Despite budget crisis, Island County elected officials to get raises this year

While some Island County workers wonder about job security, elected officials in Island County will see fatter paychecks in the coming year.

The reason? A resolution adopted 15 years ago by Island County commissioners.

A perpetual pay increase for elected officials was adopted on a 2-0 vote in August 1994, by former commissioners Mac McDowell and Mike Shelton. It granted a 5 percent raise in commissioners’ salaries that would kick in on every odd-numbered year, and included no “sunset” date.

The resolution also allowed for the salaries of every other elected official in Island County to be raised on a percentage that was based on the salary of the commissioners.

In the salary schedule considered at the time, commissioners expected their salaries would increase by more than $10,000 between 1995 and 2001.

This year, the salary increase for commissioners amounts to a $3,737 raise. The annual salary for a commissioner will move to $78,496 from $74,758.

In 2011, it is expected to climb to $82,421.

The county assessor, auditor, clerk, coroner and treasurer will each get raises of $3,365 this year. The sheriff will get a $4,112 increase in salary in 2009.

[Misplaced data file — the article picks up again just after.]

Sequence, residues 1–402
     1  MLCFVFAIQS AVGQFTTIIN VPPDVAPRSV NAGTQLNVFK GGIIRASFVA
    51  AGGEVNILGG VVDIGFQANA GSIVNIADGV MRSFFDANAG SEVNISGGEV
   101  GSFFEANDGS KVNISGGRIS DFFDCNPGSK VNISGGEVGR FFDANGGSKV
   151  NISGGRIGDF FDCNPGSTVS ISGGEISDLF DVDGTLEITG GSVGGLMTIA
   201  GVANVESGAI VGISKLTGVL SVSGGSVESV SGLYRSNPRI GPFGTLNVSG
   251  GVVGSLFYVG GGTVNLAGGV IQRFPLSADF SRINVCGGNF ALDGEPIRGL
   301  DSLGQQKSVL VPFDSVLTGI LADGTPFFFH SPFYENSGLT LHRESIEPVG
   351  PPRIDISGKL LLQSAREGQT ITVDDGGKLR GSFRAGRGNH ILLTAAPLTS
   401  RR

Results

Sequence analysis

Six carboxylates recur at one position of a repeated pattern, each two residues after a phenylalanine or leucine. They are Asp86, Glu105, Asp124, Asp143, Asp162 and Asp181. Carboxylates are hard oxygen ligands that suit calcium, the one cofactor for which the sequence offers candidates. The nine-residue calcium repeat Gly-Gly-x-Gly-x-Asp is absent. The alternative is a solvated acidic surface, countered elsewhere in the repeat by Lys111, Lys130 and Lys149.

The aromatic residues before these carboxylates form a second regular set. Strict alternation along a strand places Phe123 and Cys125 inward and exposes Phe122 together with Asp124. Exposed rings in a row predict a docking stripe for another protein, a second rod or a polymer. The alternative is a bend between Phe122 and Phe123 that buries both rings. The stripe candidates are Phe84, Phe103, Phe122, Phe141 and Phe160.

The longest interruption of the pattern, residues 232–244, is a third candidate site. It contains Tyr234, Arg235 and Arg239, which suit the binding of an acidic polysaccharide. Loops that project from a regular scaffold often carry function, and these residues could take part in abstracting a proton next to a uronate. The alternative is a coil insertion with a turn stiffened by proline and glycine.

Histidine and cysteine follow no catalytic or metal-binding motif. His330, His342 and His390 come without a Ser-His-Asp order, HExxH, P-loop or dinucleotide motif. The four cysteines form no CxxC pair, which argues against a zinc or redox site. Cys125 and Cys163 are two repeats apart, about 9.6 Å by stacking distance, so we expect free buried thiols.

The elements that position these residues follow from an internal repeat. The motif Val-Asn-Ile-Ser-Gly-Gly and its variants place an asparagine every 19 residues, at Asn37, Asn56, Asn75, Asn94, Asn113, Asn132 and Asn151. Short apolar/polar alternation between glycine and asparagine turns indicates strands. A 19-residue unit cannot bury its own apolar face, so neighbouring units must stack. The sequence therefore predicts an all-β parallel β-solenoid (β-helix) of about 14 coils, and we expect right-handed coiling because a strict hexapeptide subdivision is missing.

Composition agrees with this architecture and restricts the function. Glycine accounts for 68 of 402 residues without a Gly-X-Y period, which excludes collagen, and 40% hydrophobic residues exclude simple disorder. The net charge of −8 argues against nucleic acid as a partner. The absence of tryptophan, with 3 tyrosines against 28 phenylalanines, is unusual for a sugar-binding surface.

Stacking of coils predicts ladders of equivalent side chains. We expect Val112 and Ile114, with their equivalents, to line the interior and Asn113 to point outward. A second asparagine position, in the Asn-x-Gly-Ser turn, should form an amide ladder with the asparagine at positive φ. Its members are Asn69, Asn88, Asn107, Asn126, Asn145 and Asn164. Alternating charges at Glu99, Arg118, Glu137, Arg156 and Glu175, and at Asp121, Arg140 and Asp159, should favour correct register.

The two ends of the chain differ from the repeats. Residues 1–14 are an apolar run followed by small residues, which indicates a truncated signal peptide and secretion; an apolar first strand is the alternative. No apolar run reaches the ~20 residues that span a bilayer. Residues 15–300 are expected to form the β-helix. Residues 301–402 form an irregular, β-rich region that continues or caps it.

The county’s prosecuting attorney will get a salary increase of $1,869.

In all, the total raises amount to $33,017.

Island County has been considering additional staff layoffs, as well as reduced hours for workers, to fill a $1 million hole in the budget. So far, the pay of elected officials has not entered into the discussion.

Commissioner John Dean said he wasn’t sure if the commissioners could legally cut the current pay rate for elected officials.

“That’s a good question and something I will have to look into,” he said.

Commissioner Helen Price Johnson said she was willing to consider pay reductions in light of the county’s current budget crisis.

“I think we need to look at everything,” Price Johnson said.

Elected officials aren’t the only ones who will earn more money from Island County in 2009.

Union employees in two of the county’s bargaining units will also get pay raises this year, according to Larry Larson, director of the county’s human resources department.

Larson could not recall the specific amount of those raises, but said they were part of contracts approved several years ago, he said.

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